Armed Conflict Congress Executive Branch Foreign Relations & International Law Terrorism & Extremism

A Less Generous Take on Greenwald's Latest

Benjamin Wittes
Monday, September 29, 2014, 2:59 PM
Jack is very generous to Glenn Greenwald in his post earlier today, in which he notes areas where he agrees with what he terms Greenwald's "skeptical takedown of the factual basis for the attacks on the Khorasan Group (KG) in Syria, and the American Press’s complicity, based on anonymous USG sources, in spreading war-mongering exaggerations about

Published by The Lawfare Institute
in Cooperation With

Jack is very generous to Glenn Greenwald in his post earlier today, in which he notes areas where he agrees with what he terms Greenwald's "skeptical takedown of the factual basis for the attacks on the Khorasan Group (KG) in Syria, and the American Press’s complicity, based on anonymous USG sources, in spreading war-mongering exaggerations about KG’s imminent threat to the American public." I'm going to be a little less so. It's not that I disagree with Jack's points, which are well-taken. But I think it's important to note that Greenwald does a little more than Jack relates. He does not, to wit, merely criticize the breathless exaggerations in the press's early accounts of Khorasan. He actively spins a conspiracy theory in which he denies that the group exists and accuses the government of making it up to justify war. No, there's no single passage in which Greenwald writes quite what his piece conveys in the aggregate: That Khorasan is a fabrication by U.S. intelligence fed to the U.S. media in order to stoke the war and that the press dutifully bought it and backed off when the group had served its purpose. But he gets pretty close, starting with the headline, "The Fake Terror Threat Used to Justify Bombing Syria." Here are a few other choice quotations:
  • "The solution to both problems was found in the wholesale concoction of a brand new terror threat that was branded 'The Khorasan Group.'"
  • "Even more remarkable, it turns out the very existence of an actual 'Khorasan group' was to degree an invention of the American government."
  • "There are serious questions about whether the Khorasan Group even exists in any meaningful or identifiable manner."
  • "Once the damage was done, the evidence quickly emerged about what a sham this all was."
The motive for this "sham," this "concoction," this "invention" of a "brand new terror threat" that does not "even exist[] in any meaningful or identifiable manner"? Greenwald explains all in his first paragraph:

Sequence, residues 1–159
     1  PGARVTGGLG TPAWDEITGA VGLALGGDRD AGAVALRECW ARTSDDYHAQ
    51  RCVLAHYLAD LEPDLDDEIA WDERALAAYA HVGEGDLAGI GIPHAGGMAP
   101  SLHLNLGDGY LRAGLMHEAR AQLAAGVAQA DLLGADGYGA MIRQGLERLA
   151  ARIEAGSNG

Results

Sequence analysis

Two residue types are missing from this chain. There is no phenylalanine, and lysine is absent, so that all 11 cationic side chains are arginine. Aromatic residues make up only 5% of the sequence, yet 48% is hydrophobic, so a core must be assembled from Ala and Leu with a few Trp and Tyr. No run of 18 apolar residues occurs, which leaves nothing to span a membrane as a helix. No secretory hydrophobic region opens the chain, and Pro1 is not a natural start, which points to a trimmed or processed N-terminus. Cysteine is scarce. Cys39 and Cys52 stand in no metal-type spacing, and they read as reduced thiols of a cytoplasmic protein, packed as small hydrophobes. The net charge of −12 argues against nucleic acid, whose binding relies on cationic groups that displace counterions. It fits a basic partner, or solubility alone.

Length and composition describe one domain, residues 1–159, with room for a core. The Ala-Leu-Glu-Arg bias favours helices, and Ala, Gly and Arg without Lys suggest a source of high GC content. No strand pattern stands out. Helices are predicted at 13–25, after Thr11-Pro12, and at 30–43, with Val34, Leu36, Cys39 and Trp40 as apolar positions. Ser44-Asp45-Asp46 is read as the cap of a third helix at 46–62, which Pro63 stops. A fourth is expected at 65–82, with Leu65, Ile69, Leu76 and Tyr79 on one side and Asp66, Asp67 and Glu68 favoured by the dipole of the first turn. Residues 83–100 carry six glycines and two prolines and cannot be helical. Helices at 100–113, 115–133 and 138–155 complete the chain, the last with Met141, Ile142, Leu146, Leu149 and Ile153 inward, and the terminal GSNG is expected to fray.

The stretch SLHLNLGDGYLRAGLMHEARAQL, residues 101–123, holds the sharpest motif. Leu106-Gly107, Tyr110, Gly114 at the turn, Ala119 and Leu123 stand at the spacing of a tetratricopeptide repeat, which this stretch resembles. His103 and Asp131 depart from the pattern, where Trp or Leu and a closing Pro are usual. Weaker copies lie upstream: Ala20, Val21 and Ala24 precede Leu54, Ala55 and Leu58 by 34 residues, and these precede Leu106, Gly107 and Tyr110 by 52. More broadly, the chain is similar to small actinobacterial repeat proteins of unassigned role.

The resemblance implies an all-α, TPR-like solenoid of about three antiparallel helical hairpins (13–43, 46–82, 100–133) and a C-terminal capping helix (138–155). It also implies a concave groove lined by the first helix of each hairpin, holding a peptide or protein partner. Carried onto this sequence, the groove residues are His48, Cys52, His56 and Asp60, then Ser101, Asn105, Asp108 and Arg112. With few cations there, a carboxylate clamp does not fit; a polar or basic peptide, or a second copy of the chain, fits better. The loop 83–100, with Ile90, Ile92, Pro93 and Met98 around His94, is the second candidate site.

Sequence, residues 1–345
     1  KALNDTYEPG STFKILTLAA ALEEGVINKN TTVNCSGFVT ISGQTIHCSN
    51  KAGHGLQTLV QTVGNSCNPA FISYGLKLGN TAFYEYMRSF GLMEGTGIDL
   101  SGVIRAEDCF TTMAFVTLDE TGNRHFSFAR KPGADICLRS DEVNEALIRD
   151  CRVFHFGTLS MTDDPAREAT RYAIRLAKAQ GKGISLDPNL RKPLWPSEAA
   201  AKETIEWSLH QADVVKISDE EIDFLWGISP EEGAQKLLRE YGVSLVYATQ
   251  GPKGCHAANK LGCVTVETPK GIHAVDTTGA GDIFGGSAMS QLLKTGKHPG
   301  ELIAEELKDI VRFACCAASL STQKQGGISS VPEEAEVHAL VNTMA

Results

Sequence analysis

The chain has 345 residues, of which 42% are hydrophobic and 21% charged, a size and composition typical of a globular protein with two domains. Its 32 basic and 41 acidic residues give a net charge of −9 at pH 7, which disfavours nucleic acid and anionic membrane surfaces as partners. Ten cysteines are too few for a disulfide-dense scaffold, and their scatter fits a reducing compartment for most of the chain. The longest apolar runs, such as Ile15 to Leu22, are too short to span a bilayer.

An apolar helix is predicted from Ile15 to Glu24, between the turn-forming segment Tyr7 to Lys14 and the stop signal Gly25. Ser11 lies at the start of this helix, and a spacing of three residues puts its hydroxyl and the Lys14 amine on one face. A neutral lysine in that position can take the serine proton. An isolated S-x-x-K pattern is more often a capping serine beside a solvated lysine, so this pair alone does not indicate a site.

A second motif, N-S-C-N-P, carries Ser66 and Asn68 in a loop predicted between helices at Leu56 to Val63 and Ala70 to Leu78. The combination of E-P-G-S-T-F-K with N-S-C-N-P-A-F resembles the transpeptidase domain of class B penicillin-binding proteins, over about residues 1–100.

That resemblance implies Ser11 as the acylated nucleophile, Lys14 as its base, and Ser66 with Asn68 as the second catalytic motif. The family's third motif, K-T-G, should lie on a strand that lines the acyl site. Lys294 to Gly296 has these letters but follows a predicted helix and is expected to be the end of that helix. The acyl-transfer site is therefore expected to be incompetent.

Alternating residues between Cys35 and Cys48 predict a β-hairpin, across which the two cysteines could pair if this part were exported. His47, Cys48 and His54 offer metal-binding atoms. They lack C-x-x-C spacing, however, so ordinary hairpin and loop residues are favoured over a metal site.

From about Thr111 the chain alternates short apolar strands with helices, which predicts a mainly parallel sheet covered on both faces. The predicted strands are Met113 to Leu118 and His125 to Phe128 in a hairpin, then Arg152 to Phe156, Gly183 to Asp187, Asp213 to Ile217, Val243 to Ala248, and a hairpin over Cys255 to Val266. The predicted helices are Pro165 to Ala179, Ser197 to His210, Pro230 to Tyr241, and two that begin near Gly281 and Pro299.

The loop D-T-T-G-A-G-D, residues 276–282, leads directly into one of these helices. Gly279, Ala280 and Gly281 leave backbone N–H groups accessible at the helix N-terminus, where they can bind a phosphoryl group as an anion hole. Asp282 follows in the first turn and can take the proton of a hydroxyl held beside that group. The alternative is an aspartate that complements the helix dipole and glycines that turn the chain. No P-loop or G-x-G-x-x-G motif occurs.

As the Obama Administration prepared to bomb Syria without congressional or U.N. authorization, it faced two problems. The first was the difficulty of sustaining public support for a new years-long war against ISIS, a group that clearly posed no imminent threat to the “homeland.” A second was the lack of legal justification for launching a new bombing campaign with no viable claim of self-defense or U.N. approval.
Making up a new terrorist group was the perfect solution, he argues. Perfect, that is, except for a few small things. For one thing, public support for military action against ISIS was actually very strong---even without Khorasan---so Greenwald is overstating the first problem which the supposed fabrication was intended to address. More fundamentally, Greenwald's posited second problem---Obama's supposed lack of legal justification for the strikes---was not a problem at all which Khorosan could solve. The administration, after all, claims (wrongly in my view) the authority to attack ISIS under the 2001 Authorization for the Use of Military Force. It also claims international law authority as an exercise of collective self-defense of Iraq. It therefore does not need a separate self-defense rationale for attacks on ISIS based on a threat to the homeland---unless, that it is, it is also attacking a group separate from ISIS that, in fact, poses a threat to the homeland. So what is Greenwald's evidence that the Khorasan Group was made up? It amounts to the following:
  • The group appeared suddenly in the press at a convenient time for the administration in a series of breathless stories that implied that a Khorosan attack was imminent.
  • The press then backed off some of the more dramatic claims that Khorosan posed an immediate threat of a homeland attack.
  • A single reporter tweeted, "Syrian activists telling us they've never heard of Khorasan or its leader."